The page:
Russia’s Pride in WWII Victims and Heroes

As Americans are told to be very scared of a new (and old) enemy – Russia  – a more complex reality exists on the ground there, a proud and determined people, as Gilbert Doctorow witnessed at an Immortal Regiment march.

By Gilbert Doctorow

To understand Russia, it is worth reflecting on the tradition of the Immortal Regiment march on May 9 when hundreds of thousands of Russians pour into the streets of Moscow and other cities holding the faded photos of family members who died in achieving the victory over the Nazis in World War II.

Russians taking part in an Immortal Regiment march on May 9, 2017.

The march is a showing of national solidarity that is unthinkable in today’s Western Europe or the United States (although those societies also have their patriotic holidays, from Bastille Day in France to July Fourth in the U.S.). In Russia, the Immortal Regiment march demonstrates a national solidarity forged by the shared and searing experience of every family’s wartime losses, a death toll that totaled about 27 million.

This year, despite poor weather, Muscovites took pride in having a still bigger turnout than last year. The media reported that it was the coldest Victory Day in Moscow ever, yet the official crowd number was given at 850,000.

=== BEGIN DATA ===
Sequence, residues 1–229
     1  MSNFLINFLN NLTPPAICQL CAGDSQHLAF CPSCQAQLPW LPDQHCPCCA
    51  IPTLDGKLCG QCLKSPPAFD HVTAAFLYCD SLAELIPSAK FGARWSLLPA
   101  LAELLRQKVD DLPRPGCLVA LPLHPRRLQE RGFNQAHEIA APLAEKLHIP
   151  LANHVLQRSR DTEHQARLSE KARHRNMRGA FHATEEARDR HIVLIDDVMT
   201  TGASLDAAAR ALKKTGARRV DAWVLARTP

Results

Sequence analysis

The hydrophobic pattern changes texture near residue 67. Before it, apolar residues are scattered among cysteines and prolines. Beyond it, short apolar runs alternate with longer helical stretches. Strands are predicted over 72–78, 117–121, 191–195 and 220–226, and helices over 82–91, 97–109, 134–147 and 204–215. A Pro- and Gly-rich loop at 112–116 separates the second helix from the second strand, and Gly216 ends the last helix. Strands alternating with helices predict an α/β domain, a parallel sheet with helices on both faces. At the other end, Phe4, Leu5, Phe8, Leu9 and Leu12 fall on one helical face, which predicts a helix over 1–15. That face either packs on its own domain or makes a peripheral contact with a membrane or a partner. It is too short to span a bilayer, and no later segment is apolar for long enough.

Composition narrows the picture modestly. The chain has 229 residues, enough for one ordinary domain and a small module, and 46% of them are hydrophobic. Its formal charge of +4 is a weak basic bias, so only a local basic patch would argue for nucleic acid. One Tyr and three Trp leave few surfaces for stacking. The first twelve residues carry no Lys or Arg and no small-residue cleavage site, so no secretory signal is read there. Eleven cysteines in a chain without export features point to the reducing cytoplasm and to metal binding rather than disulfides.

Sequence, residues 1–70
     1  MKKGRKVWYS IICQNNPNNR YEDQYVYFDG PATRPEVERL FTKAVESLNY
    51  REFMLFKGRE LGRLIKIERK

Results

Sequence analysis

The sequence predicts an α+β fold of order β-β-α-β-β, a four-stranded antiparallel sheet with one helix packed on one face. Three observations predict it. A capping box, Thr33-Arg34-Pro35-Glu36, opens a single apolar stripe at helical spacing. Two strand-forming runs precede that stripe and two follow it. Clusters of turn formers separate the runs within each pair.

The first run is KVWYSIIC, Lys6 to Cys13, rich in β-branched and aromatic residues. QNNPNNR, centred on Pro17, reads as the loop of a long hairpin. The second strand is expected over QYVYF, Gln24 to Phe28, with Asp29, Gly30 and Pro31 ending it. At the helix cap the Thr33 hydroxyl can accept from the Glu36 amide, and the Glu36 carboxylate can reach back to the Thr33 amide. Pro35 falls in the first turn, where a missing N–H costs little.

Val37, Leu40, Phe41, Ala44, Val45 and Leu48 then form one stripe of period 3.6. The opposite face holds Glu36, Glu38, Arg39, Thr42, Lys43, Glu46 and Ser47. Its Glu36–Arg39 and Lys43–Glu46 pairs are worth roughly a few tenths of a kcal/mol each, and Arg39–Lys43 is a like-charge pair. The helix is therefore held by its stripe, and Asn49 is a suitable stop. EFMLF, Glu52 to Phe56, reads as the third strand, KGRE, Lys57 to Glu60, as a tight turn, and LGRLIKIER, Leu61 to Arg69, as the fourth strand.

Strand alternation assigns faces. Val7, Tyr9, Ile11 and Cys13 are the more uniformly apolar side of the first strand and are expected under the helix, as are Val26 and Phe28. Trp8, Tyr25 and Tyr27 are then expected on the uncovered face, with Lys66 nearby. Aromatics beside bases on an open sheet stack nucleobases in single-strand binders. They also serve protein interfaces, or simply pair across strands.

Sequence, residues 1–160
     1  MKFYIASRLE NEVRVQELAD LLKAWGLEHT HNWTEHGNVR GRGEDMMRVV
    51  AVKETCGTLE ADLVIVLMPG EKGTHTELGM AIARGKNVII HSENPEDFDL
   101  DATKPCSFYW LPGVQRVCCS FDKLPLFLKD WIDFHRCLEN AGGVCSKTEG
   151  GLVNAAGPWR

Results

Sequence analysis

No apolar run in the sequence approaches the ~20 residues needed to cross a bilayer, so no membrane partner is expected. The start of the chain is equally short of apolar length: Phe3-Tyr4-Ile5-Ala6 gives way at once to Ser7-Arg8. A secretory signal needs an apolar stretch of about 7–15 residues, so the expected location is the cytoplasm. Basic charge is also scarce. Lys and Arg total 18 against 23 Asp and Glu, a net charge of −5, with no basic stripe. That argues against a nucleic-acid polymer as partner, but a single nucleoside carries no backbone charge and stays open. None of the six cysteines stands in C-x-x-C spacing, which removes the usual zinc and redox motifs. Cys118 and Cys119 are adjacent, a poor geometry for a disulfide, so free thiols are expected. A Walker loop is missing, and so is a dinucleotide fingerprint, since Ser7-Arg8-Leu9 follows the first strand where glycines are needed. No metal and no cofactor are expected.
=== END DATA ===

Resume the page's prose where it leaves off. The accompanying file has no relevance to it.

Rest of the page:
In St. Petersburg, where my wife Larisa and I attended the march, the weather also was frigid. When we departed the metro station at the top of Staronevsky Prospekt at 14:30 to join the parade, we were hit by a snow shower. It quickly stopped and the remainder of the afternoon was mostly sunny, though very cold.

Yet, in St. Petersburg, too, the turnout for the parade was at a record, with official figures putting it at 750,000. Given that the old imperial capital has an overall population less than half that of Moscow, the showing was more than respectable.

Personally, I have never enjoyed large crowds. They make me claustrophobic. But it was a very good-natured assembly. It was multi-generational with a lot of toddlers carried on shoulders of parents and relatives, while their older siblings were kept in tow, subject to warnings that “you don’t want to get lost.”

If the mood of participants may…

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